"CSAV Tokyo" v "KMTC Hong Kong"

Home ] Up ]

The Owners of the Vessel "CSAV Tokyo" v. The Owners of the Vessel "KMTC Hong Kong"
Hong Kong High Court: Admiralty Court: Waung J.: HCAJ 164/2004: 4 August 2006
Mr. Nigel Kat, instructed by Messrs Healy & Baillie, for the Plaintiffs
Mr. Charles Sussex SC, instructed by Messrs. Holman Fenwick & Willan, for the Defendants
Where, as in this case, Plaintiffs had failed to issue a writ before the expiry of the time limit for suit in a collision case, the fact that liability had been admitted or that the Plaintiff’s advisers did not realize that a writ should still be issued – even though liability had been admitted - did not amount to "good reason" under the relevant legislation for the court to exercise its discretion to grant an extension, in circumstances where the conduct of the Defendant had not contributed to the Plaintiffs’ omission

DMC Category Rating: Confirmed

This case note is contributed by Crump & Co, the International Contributors to the website for Hong Kong

A collision occurred on 22 March 2002 between "CSAV Tokyo" and "KTMC Hong Kong". The Defendant admitted liability on 15 April 2002 and security for the claim was given by the end of May that year. The parties agreed that the claim should be subject to Hong Kong law. The two- year time limit for suit under s.7 of the Merchant Shipping (Collision Damage, liability and Salvage) Ordinance ("the Ordinance") expired on 21 March 2004 and it was not until 6 months after the expiry of the limitation time that the Plaintiffs became aware of the fact that the claim had become time-barred. An in-rem writ was issued by the Plaintiffs on 21 September 2004 and by a summons dated 18 October 2004, the Plaintiffs applied for an extension of time to issue a writ.

Section (3) of the Ordinance provided:

"Any court having jurisdiction to deal with an action to which this section relates may, in accordance with the rules of the court, extend the period within which proceedings in the action must be commenced, to such exent and on such conditions as it thinks fit…"

At the hearing it was not disputed that the court could only extend time upon "good reason" being shown. In The Myrto (No.3) [1987] 1 AC 597, Lord Brandon distinguished between three categories of cases where the application for extension could arise:-

  1. Category (1) where at the time of the application for extension, the writ was still valid and the claim was not yet time-barred;
  2. Category (2) where at the time of the application for extension, the writ was still valid but the claim was time- barred; and
  3. Category (3) where at the time of the application, the writ was not valid and the claim was time-barred.

Although The Myrto was a case concerning the renewal of a writ, the parties in this case agreed that the same principle of "good reason" should be applied to an extension of time under s.7 of the Ordinance. The dispute at the hearing was largely over the application of the agreed principle.

The judge took the view that the present case was in a fourth category compared with The Myrto as here the claim was already time-barred when the writ was issued.

The judge rejected the Plaintiffs’ submission, based on The Zirje [1989] 1 Lloyd’s Rep. 493, that the admission of liability on the part of the Defendants was itself a good reason to extend time. Though the judge recognized that the admission was a matter to be taken into account, admission of liability in itself did not, in any way relieve the duty of the Plaintiffs to issue proceedings in time. In his view, "admission of liability does not in any way relieve the duty of the claimants (in collision cases) to issue the writ in time as admission of liability does not impose a longer time limit or provide a "good reason for extension." The lack of any agreement over the quantum of any individual item of damage was important in the judge’s view, as there was "more than the possibility that the disagreement over quantum would have to be resolved by the court." "There is in fact," he said, "the necessity for the plaintiffs (like all cases) to bring the claim in time when there is no agreement on liability or quantum."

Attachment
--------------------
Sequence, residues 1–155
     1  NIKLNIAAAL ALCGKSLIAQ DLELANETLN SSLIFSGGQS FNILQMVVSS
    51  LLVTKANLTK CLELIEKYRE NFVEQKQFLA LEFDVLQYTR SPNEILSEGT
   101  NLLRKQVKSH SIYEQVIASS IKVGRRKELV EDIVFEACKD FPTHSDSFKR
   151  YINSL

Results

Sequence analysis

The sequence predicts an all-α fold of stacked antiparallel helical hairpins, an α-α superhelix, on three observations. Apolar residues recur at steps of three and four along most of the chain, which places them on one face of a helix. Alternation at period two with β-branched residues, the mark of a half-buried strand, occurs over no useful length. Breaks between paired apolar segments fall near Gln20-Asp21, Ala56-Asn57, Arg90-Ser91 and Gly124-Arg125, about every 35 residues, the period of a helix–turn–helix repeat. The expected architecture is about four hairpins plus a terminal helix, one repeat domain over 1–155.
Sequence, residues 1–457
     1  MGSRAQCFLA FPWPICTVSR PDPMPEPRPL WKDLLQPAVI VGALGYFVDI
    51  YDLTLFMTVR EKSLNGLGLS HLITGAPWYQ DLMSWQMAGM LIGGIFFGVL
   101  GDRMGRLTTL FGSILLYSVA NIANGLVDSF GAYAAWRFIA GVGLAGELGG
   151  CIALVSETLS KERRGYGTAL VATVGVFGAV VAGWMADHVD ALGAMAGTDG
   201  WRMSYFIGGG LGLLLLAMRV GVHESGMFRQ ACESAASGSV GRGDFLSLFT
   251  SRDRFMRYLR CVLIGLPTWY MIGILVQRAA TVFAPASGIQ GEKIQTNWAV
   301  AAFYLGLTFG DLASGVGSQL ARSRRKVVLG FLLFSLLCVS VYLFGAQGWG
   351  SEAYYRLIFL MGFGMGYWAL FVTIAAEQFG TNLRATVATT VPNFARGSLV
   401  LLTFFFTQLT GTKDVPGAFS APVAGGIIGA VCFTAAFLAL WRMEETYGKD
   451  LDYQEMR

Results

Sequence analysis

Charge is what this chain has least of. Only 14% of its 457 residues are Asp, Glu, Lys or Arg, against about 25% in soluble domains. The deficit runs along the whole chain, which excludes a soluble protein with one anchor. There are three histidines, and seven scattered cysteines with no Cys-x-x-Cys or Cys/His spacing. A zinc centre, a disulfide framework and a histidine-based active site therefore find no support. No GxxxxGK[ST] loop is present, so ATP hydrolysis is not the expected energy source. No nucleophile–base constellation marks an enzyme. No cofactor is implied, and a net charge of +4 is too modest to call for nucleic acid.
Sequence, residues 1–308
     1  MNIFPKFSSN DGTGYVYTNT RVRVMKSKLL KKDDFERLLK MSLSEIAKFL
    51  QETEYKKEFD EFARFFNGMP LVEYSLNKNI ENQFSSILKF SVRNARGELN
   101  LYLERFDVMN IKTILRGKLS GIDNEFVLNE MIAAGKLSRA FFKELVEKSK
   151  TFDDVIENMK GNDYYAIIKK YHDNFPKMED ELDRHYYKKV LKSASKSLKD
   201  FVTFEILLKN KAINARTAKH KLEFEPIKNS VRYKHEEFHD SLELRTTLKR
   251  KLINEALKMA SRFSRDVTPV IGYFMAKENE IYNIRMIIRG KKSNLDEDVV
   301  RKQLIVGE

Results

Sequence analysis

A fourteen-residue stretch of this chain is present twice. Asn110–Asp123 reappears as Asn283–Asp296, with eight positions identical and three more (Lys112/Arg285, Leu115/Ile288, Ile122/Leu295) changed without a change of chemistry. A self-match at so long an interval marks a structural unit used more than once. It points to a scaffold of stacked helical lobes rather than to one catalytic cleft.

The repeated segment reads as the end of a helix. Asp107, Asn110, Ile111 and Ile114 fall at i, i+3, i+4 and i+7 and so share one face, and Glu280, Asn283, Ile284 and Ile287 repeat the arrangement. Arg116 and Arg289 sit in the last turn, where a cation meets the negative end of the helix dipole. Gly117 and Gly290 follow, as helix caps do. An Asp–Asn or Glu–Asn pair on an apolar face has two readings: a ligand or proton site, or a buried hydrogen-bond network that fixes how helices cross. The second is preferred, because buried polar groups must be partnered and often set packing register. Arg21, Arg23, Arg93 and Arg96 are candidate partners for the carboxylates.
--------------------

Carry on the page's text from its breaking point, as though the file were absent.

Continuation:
The judge held that The Al Tabith [1995] 336 provided a more reliable guide than The Zirje on how the time extension cases should be approached. In that case, an extension was refused at first instance and again on appeal, where the court said (at p343) that "The sole operative cause of the delay in issuing the writ was… the human error [of the plaintiff’s lawyer]. He was not induced to make the mistake by any active or passive conduct on the part of the defendants." So in this case, the judge held that neither ignorance of the need to issue a writ (where quantum had not been agreed) nor, indeed, any oversight or carelessness of the part of anyone acting for the Plaintiff, could provide a good reason for granting an extension. There was nothing in the conduct of the Defendants which led or caused the Plaintiffs not to issue in time. 

Accordingly, the Plaintiffs’ summons was dismissed with costs.

Back to Top


These Case Notes have been prepared with care, but neither the Editor nor the International and other Contributors can guarantee that they are free from error, nor that they contain every pertinent point. Reliance should not therefore be placed upon them without independent verification. The Editor and the International and other Contributors disclaim all liability for any loss of whatsoever nature and howsoever arising as a result of others acting or refraining from acting in reliance on the contents of this website and the information to which it gives access. The Editor claims copyright in the content of the website.